Special Extra: In Russia, Black Tuesday — the End of Days

The Russian stock market is collapsing just like the USSR itself

The Russian stock market is collapsing just like the USSR itself

Despite aggressive attempts to prevent it by the impotent Kremlin of Vladimir Putin, the Russian stock market has totally collapsed, suffering its worst day since the 1998 economic meltdown, closing down almost 11.5%  at 1131 on the RTS Index, a massive loss of almost 150 points on a base that had already been emasculated into insignificance.  In just the month of September, the RTS ruble index has plunged sickeningly from a high of 1650, a breathtaking drop of more than 500 points or one-third its total value at the start of the month.  The MICEX index, which is measured in dollars, crashed into triple digits, smashing the crucial 1,000 point psychological barrier.  It was down at one point over 15% to below 900, before recovering slightly. Share values in Sberbank, state-owned and dominant in the market, were down more than 20%.

The Kremlin is in full-on panic mode.  Both the MICEX and the RTS were forced to impose the draconian measure of a halt in trading for a full hour, a clear sign of desperate fear that the entire market could implode before gaping eyes.  Had this not occurred, for all we know the current value of the market might be zero. Heaven only knows what duplicitous behavior the Kremlin may right now be engaged in behind the scenes to keep the full nature of the collapse from the world’s prying eyes when the market opens tomorrow morning. Perhaps the Kremlin will simply spend the national rainy-day fund to buy the entire market and decree the prices. That’s what the USSR would have done.

Reuters reported:

 “It is pretty shocking,” said Lars Christensen, chief analyst and head of emerging markets research at Danske Bank. “It’s people moving into cash and … getting worried about who they are dealing with,” a Moscow-based trader at a Western bank said.

It’s people, in fact, finally waking up to the reality that Russia is ruled by a proud KGB spy. It’s the beginning of the end for the neo-Soviet state.  The government, however, is still asleep and in denial.  “There are risks in our system and when there is more shocks from the global crisis, more risks there are in Russia, but they do not have an extraordinary, systemic nature,” said Finance Minister Alexei Kudrin. This implies he wants us to believe that if there were an “extraordinary, systemic” basis for this collapse, he would admit it.  It’s nonsense, from the highest levels of Russian government.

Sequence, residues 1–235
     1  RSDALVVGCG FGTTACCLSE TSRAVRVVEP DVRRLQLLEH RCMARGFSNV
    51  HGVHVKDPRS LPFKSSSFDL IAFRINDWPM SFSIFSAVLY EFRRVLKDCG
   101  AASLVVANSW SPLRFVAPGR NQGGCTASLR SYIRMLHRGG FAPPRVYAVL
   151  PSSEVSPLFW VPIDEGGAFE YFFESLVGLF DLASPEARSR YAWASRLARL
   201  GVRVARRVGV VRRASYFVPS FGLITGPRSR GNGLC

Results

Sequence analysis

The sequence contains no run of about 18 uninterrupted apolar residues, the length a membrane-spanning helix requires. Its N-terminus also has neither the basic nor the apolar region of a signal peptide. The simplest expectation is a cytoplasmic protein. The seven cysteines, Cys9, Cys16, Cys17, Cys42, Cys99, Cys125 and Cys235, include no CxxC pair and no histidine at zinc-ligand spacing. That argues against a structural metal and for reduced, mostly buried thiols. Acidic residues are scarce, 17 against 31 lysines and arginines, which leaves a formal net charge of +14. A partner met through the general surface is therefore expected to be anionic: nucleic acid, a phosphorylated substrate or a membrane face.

And it’s all happening with oil prices at massively high levels compared to just a few years ago.  With its crazy behavior, Russia has killed its golden goose.  Consumed with a frenzy of hatred for the outside world, it apparently never stopped to think for a moment that Western demand is crucial for Russian economic prospects, so it needed to do all it could to promote the U.S. economy. Instead, Russia has relentlessly sought to attack and undermine the U.S., and now those chickens have come home to roost.

Anders Aslund says things will get much worse before they get any better, reminding us that Russia also has the business cycle to contend with, something that in its crazed nationalistic furor Russia seems to have forgotten about.

9 responses to “Special Extra: In Russia, Black Tuesday — the End of Days

  1. I can’t stop grinning. I may have a smile for a long time to come. What a beautiful schadenfreude moment!

  2. Russia is faced with an interesting dilemma. The monies owed by Russian companies to foreigners pretty much equals the 500-or-so-billion dollar stabilization fund Russia claims to have. If foreign creditors see that Russia is pulling money out of its funds to play the Russian stock market, this will make them very nervous as to whether they will be paid by Russian corporations (in effect state corporations by another name). Some might want to call in their debts if they think they will be stuck with worthless IOU’s. I am not convinced that Russia has full access to the monies that it has outside of Russia.